The patients were recruited in the Department of Psychiatry Psychology and Psychosomatics and in the Department of Obstetrics, Gynecology, and Reproduction at our hospital. It is a private hospital, located in an urban area of Spain. Sociodemographic and clinical additional information was taken, and patients individually completed all the questionnaires required for this study in the Department of Psychiatry Psychology and Psychosomatics.

Instruments 

Symptom Checklist-90-Revised [20]: The SCL?90?R is a 90?item self?report symptom inventory developed to measure psychological symptoms and psychological distress in terms of nine primary symptom dimensions and three summary scores termed global scores. The principal symptom dimensions are: somatization, obsessive?compulsive, interpersonal sensitivity, depression, anxiety, hostility, phobic anxiety, paranoid ideation, and psychoticism. The global measures are referred to as the global severity index, the positive symptom distress index, and the positive symptom total. 

Temperament and character inventory- revised [21]: TCI-R is an instrument for personality assessment that was developed to provide a comprehensive biopsychosocial model of personality. It deconstructs personality into seven dimensions that vary widely in the general population, rather than focusing only on pathology or abnormal traits. The TCI has four temperament (novelty seeking, harm avoidance, reward dependence and persistence) and three character dimensions (self-directedness, cooperativeness, and self-transcendence). The temperament traits manifest early in life and generally involve automatic responses to emotional stimuli. Character is learned and can be greatly influenced by therapy and growth in recovery.

Coping Strategies Inventory [22]: This questionnaire assesses three different aspects: the most recent stressful situation experienced by the participants, the coping strategies used to manage the situation they mentioned and the participants' coping self-efficacy. It provides information about the 8 primary coping strategies: 2 emotion-focused adaptive strategies (express emotion and social support), 2 emotion-focused maladaptive strategies (social withdrawal and self-criticism), 2 problem-focused maladaptive strategies (problem avoidance and wishful thinking) and 2 problem-focused adaptive strategies (problem-solving and cognitive restructuring).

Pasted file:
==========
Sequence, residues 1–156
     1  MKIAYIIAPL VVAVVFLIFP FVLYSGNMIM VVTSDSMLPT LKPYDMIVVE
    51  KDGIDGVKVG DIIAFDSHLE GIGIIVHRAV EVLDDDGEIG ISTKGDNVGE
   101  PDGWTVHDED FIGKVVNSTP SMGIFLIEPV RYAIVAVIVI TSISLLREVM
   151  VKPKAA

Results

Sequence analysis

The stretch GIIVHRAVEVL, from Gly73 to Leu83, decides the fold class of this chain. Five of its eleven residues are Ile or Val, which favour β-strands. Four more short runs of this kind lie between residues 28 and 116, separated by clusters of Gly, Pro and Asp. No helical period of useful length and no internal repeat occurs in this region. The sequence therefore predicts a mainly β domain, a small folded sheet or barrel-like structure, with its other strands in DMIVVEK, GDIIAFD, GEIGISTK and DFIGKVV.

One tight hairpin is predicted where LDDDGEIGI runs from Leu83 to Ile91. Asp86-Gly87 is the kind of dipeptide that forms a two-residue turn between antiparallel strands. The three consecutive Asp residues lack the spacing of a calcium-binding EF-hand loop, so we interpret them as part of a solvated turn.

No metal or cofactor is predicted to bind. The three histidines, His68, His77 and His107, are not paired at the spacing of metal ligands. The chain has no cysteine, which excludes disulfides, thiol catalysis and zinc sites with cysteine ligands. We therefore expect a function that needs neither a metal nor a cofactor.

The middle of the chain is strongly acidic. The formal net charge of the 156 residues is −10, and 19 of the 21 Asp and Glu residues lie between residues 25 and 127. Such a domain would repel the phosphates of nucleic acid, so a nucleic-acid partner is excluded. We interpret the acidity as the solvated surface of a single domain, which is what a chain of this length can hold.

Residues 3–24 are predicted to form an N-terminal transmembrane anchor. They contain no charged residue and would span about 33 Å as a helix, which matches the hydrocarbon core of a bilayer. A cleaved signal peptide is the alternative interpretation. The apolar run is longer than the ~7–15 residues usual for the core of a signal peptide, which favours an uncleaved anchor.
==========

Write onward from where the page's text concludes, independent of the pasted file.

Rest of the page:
Other clinical and sociodemographic and variables: Additional demographic, clinical, sexual, and social/familiar information related to sexual function were measured using a semi-structured face to-face clinical interview. Some of the variables covered included age, gender, marital status and educational level.

Statistical analysis 

Statistical analysis was carried out with SPSS v.17 for Windows. Descriptive statistics were calculated for all quantitative variables (test scores and age) and frequencies for qualitative variables (marital status, education level and work). The student t test was used for the equality of means in independent samples, by means of which the clinical group and the control were compared in all the scales. 

Ethics 

All procedures performed in studies involving human participants were in accordance with the ethical standards of the institutional research committee and with the 1964 Helsinki declaration and its later amendments or comparable ethical standards.

RESULTS

We tested differences between groups with a 95% confidence level (value of p ≤ 0. 05). A mean difference test was used for independent samples, based on the t student statistic.

Sample characteristics 

Participants were 20 women, aged between 24 and 38 years. The mean age of the participants was 31.5 years (SD 2.45) in the patient group and 29.6 years (SD 2.8) in the control group. In the total sample, the mean age was 30. 5 years. In both groups, the majority of participants were either married or had a partner, a higher educational level and were employed.

Personality dimensions